And again, see comment below in the "OS Compatibility" section for bad behaviour on Linux.

    File shrinks during following

    The current behaviour is that lines won't start getting emitted until the file grows past its previous size again.

    This behaviour could be changed. (My understanding is that when log files get rotated they are renamed and then a fresh file is created. Which should be fine with the current behaviour.)

    Pre-existing partial line

    A file that looks like this when the follower starts is an example of what we mean by a "pre-existing partial line":

    line one\n
    line two\n
    line three has no newline

    When the follower starts, it begins returning text from the end of the file. So if , but now it does\n gets appended to the file, that's the first line/text that will be emitted -- the line three has no newline part will not be included.

    OS Compatibility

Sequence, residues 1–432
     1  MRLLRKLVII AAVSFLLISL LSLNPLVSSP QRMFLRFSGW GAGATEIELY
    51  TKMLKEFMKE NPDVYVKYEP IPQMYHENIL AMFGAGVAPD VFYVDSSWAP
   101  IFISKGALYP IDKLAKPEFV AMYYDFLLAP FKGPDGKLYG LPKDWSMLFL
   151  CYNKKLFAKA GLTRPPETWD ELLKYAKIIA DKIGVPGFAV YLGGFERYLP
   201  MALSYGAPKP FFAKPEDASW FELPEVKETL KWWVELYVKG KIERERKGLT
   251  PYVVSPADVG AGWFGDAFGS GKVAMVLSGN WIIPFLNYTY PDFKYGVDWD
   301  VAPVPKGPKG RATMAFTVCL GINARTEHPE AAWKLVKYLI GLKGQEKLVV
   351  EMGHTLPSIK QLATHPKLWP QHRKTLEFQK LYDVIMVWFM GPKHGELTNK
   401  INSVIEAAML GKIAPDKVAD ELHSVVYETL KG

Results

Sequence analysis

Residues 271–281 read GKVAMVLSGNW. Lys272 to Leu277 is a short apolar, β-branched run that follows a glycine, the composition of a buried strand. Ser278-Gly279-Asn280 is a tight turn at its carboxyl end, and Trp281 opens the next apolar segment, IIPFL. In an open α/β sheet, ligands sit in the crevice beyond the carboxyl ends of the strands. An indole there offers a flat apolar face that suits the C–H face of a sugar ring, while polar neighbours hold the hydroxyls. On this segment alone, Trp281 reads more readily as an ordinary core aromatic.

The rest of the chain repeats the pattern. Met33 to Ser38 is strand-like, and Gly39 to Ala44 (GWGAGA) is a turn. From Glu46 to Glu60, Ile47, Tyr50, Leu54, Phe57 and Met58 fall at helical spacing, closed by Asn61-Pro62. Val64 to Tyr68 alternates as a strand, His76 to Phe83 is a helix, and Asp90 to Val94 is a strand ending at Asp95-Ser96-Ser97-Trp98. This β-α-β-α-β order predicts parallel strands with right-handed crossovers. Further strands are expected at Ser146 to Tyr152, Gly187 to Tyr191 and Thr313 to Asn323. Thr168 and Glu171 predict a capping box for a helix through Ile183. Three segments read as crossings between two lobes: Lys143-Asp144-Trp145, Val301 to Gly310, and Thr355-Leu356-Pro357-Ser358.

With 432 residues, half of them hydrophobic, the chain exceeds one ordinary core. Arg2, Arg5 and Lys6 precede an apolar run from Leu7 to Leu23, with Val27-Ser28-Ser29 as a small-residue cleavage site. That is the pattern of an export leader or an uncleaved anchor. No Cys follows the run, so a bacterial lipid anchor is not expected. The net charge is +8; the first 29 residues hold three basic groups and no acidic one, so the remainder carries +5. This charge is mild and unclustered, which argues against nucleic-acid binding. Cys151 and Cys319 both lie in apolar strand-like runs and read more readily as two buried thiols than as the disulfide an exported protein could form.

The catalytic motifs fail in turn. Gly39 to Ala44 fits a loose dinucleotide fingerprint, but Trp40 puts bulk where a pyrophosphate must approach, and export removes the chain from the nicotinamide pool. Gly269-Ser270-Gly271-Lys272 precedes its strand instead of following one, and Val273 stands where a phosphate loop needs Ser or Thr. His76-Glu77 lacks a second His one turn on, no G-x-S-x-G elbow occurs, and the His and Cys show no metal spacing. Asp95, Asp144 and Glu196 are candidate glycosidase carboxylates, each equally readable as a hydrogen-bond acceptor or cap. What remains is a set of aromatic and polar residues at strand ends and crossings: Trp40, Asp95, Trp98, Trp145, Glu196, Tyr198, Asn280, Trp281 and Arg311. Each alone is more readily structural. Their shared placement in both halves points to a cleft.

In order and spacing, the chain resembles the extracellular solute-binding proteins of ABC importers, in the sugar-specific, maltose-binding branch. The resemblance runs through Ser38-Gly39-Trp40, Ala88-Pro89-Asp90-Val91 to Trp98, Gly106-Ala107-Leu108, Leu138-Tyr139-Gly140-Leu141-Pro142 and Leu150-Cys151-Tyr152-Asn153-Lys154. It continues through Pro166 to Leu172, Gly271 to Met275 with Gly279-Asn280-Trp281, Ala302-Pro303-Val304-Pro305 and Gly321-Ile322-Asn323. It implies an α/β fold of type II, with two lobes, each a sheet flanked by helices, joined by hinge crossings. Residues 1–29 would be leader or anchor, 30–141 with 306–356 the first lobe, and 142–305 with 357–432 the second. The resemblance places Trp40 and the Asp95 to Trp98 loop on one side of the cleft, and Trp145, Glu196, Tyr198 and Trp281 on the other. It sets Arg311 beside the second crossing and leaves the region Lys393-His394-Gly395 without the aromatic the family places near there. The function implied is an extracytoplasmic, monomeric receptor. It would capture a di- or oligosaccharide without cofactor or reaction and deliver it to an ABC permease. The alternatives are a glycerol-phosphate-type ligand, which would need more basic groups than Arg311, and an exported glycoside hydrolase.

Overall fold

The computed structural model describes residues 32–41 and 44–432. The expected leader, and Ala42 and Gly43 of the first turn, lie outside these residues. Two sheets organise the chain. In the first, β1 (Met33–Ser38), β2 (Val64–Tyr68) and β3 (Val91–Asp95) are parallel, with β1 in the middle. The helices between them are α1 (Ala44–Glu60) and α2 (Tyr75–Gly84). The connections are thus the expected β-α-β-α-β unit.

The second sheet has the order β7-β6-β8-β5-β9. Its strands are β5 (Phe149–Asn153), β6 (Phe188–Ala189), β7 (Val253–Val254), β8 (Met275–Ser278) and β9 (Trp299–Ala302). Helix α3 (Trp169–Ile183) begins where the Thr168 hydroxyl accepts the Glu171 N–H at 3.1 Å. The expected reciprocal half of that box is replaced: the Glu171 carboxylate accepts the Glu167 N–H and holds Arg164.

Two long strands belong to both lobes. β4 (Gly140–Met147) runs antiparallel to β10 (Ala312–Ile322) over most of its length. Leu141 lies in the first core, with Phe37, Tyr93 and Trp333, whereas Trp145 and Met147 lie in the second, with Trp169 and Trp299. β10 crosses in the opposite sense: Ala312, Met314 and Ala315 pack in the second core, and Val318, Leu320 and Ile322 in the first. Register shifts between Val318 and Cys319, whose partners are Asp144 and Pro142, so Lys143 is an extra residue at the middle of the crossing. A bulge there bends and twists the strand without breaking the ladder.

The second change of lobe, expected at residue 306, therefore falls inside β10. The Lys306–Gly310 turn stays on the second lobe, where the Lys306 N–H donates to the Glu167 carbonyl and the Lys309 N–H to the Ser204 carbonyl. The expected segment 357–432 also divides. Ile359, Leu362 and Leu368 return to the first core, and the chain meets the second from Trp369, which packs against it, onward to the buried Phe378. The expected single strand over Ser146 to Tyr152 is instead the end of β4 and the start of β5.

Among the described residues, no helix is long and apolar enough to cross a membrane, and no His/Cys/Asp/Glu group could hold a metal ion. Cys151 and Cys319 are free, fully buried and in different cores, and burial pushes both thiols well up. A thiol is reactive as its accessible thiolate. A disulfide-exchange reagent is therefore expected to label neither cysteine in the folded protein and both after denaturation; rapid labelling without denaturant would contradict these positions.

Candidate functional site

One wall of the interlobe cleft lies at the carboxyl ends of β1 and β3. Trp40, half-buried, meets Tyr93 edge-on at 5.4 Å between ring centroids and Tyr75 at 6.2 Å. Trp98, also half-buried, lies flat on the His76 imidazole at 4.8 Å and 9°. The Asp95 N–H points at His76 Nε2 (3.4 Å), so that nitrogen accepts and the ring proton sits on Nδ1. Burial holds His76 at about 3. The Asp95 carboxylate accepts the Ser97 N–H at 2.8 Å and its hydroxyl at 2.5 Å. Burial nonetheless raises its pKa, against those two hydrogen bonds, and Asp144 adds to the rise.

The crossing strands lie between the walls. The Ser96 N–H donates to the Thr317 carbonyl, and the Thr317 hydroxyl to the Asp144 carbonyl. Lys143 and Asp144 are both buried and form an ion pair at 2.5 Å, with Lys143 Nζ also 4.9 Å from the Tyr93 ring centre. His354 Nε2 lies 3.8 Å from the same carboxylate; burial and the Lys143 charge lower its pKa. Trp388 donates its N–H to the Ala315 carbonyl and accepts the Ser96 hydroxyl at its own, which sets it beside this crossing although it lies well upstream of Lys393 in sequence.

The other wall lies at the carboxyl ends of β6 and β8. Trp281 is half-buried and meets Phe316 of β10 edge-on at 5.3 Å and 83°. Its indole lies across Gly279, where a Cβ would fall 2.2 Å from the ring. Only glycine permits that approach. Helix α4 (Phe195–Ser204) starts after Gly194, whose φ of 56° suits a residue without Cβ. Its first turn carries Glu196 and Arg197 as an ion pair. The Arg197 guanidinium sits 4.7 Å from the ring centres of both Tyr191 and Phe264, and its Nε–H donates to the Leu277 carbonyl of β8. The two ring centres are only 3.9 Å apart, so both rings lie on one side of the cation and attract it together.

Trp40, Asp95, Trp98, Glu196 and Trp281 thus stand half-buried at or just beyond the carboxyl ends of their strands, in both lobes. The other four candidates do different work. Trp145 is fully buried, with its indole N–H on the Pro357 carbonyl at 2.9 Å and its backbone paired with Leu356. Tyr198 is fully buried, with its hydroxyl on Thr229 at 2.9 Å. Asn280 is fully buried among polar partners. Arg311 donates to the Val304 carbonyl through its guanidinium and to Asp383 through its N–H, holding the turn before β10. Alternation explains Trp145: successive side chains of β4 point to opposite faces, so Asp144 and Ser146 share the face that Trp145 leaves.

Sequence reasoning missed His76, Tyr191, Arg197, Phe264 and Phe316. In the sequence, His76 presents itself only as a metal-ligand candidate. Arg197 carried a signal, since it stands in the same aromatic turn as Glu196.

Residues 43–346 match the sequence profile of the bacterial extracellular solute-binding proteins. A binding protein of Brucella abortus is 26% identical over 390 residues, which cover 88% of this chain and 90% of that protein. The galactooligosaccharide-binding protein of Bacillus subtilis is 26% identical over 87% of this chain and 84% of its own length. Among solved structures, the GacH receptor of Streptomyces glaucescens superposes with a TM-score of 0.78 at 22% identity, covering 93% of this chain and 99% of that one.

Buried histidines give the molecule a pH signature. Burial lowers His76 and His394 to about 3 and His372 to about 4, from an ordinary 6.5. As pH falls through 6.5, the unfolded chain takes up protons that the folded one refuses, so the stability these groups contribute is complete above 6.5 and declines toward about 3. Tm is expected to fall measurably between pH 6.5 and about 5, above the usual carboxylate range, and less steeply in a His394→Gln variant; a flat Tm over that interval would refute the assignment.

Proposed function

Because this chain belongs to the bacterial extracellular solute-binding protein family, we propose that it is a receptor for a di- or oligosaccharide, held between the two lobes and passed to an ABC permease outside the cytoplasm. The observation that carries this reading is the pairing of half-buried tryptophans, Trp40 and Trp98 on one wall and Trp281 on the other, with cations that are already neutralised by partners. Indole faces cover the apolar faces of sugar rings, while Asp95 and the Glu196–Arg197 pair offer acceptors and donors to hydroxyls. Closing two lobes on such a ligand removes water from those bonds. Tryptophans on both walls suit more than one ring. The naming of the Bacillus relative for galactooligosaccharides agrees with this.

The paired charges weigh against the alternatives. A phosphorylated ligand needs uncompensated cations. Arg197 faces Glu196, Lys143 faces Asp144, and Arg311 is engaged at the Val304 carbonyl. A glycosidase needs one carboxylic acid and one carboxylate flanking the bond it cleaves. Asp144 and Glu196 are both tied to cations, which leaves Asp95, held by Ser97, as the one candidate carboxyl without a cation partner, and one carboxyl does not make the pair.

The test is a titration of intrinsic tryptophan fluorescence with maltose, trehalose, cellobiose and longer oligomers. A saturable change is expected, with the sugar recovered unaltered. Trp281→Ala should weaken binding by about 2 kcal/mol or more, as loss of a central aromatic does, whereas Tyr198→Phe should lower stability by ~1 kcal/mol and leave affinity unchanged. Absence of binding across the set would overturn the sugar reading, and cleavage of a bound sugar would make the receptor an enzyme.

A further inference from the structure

The behaviour of (which is what watchit is based on) is kinda sketchy. See the bug list.

    Note: All observations are made while using the {retain:true} option with watchit.


    • Test runs mostly succeed, but sometimes randomly fail (usually with a strange permissions error).
    • After a rename or unlink (both of which trigger an 'unlink' event), the following change triggers 'create' and 'success' events, but not a 'change'. So another change it required before the first change will be read.


    • Tests pass, except...
    • Due to a watchit bug (which itself is due to a oddity), when a watched file is deleted and recreated, the result will be two watchers.
    • Probably also due to a watchit/ bug, after a watched file is renamed it gets permanently lost -- no more events come in for it (except 'close').

    OS X

    • Tests pass. Works fairly well, but is quite slow. (Test runs typically take three times longer than Linux.)


    • Maybe create a Cakefile (steal watchit's)

    • Make encoding an option?


    All bugs, feature requests, feedback, etc., are welcome.